CAVANAUGH: There's actually some things you can't do when you're considering the legality of redistricting, right?

WONG: Do you mean in drawing districts?

CAVANAUGH: Yes.

WONG: Sure. Absolutely. There are things having to do with the voting rights act, where you need to not dilute minority vote for protected classes that are outlined in the VRA. You also need to make sure that the district is continuous, meaning you can't have certain parts that are geographically split off from the other parts. And you also want to try to, again, draw as geographically compact a district as is practical to do so.

CAVANAUGH: In common parlance, in talking about this, in city fortunatelies, and I know a lot of reporters refer to the Asian district as you were talking about, before, Brian. And the Latino district. But that's not really the we this redistricting process actually happens, is it, Brian?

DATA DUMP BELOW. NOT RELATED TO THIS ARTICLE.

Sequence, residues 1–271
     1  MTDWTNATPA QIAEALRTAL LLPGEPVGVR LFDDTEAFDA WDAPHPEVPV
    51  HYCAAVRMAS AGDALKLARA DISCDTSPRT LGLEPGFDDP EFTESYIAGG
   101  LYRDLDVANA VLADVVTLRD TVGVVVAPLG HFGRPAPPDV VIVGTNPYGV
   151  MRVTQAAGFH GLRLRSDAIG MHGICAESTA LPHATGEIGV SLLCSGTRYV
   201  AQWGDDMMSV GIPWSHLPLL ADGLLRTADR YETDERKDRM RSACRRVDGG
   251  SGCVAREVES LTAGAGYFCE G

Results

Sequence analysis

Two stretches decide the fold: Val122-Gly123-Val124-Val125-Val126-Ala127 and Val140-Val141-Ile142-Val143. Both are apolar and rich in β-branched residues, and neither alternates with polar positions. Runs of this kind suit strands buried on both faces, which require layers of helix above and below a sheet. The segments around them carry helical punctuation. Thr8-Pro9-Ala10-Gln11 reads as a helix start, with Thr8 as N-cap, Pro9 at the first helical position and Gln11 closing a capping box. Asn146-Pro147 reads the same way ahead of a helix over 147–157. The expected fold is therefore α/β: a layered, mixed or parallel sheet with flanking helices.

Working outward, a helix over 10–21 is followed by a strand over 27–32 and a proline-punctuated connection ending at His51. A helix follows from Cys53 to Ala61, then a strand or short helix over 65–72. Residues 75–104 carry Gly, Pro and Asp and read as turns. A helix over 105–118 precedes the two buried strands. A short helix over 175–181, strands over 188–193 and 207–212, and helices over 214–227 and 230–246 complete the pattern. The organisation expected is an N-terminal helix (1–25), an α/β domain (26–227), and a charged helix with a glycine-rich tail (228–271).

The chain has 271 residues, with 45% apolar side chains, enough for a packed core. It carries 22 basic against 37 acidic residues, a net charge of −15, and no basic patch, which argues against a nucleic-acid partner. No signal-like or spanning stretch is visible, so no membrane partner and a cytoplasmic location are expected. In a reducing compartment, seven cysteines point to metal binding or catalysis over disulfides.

POLLARD: No. It isn't. And race should not be the primary driver behind drawing the lines. But it is an important one. And often, it gets -- and I've noticed it in the -- some of the conversations and the testimony, race becomes in my opinion a divisive sort of area for and against. And there's a balancing act that I understand from the commission's standpoint that they need to weigh. It is not a primary -- not the primary factor, but it is certainly a very important factor in this process.

CAVANAUGH: What, for instance what, Brian, would make a community of interest out of the residents of this new proposed district nine?